Our mothers and grandmothers did not have all the kitchen tools we have today. This is how they made Potato Straws.
How to Make Potato Straws
(Transcribed from Brewton Banner (Brewton, Alabama June 2, 1883)
Wash a pint of potatoes, peel them very thin, slice them about a quarter of an inch thick, put them into plenty of salted boiling water, and boil them until they are tender, which will be in about ten minutes: when the potatoes are tender pour them into a colander with large holes and let the water drain off; when the potatoes are quite dry, sprinkle over them a tea-spoonful of salt and quarter of salt-spoonful of white pepper; hold the colander over one end of a large platter, and press upon the potatoes with a potato masher, moving the colander toward the other end of the dish as the potatoes are pressed through it so that they will fall upon the dish in long rows; continue to move the colander from one end of the platter to the other until all the potatoes are pressed through and laid in even rows upon the dish; then wipe the edges of the dish with a clean towel, set it in the oven for two or three minutes to heat the potatoes, and then serve them.
See more vintage recipes in Vinegar of the Four Thieves: Recipes & Curious Tips from the Past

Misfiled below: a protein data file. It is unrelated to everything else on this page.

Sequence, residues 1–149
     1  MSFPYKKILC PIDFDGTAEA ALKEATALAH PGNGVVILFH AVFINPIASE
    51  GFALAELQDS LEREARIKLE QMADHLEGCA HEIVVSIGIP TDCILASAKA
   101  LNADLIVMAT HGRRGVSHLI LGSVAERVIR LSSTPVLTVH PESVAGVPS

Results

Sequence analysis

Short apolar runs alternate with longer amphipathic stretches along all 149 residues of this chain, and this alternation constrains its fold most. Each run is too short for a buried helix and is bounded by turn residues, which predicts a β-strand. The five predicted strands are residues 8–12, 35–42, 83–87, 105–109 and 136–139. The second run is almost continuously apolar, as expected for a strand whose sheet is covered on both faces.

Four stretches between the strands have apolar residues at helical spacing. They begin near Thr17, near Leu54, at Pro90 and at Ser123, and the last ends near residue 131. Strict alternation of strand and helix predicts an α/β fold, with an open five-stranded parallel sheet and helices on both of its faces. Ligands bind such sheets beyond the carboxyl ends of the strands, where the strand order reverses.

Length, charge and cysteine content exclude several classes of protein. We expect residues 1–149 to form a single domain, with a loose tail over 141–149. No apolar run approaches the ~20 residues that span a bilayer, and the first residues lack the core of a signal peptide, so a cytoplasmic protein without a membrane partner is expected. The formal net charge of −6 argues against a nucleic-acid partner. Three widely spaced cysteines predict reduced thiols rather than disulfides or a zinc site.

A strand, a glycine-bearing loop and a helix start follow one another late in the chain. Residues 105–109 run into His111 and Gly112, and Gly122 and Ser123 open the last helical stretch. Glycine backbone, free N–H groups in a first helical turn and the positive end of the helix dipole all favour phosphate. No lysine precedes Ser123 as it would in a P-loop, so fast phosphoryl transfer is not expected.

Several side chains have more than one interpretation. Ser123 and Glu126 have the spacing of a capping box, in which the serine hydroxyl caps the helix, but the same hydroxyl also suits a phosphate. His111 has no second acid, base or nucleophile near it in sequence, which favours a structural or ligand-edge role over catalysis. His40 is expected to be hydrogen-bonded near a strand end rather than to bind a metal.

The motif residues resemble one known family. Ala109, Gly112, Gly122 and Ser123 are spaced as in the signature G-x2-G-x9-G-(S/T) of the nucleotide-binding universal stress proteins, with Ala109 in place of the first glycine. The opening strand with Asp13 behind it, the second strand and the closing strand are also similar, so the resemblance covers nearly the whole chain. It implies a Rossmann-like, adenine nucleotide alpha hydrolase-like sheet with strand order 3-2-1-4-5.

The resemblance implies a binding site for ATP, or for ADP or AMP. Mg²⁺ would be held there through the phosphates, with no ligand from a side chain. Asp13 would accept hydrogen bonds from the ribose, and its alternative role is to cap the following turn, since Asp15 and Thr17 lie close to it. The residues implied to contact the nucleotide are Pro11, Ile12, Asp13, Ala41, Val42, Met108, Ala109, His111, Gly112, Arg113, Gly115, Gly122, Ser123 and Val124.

Have you heard excessive brain labor causes baldness or the cure for wrinkles is a tepid bath in bran?
Do you want to know Thomas Jefferson’s recipe for Vinegar of the Four Thieves or how to make Ox Tail Soup?
Have you ever had ‘blueberry pickles’, ‘batallia pie’ or ‘snow birds’? You will learn all this and more in “Vinegar of the Four Thieves.”
Our ancestors had to be resilient when they faced obstacles in daily life, from dealing with pests, medical emergencies, caring for clothing, and cleaning shortcuts. Almost everything they used in daily life was homemade. Some ideas were great but some were very strange.
This book is a collection of household tips, medical cures, clothing care, and old recipes from the 1800s and 1900s. Many of the tips, such as the household cleaners, cooking tips, and ways to control pests, still work and are helpful in today’s ‘green’ environment while others such as ‘how to cure a dog of eating eggs’ will make you laugh. Either way, this book will help you appreciate the difficult life your grandparents endured.
With Bonus: First two chapters of novel RIBBON OF LOVE: (2nd edition) – A Novel of Colonial America (Book one in Tapestry of Love Series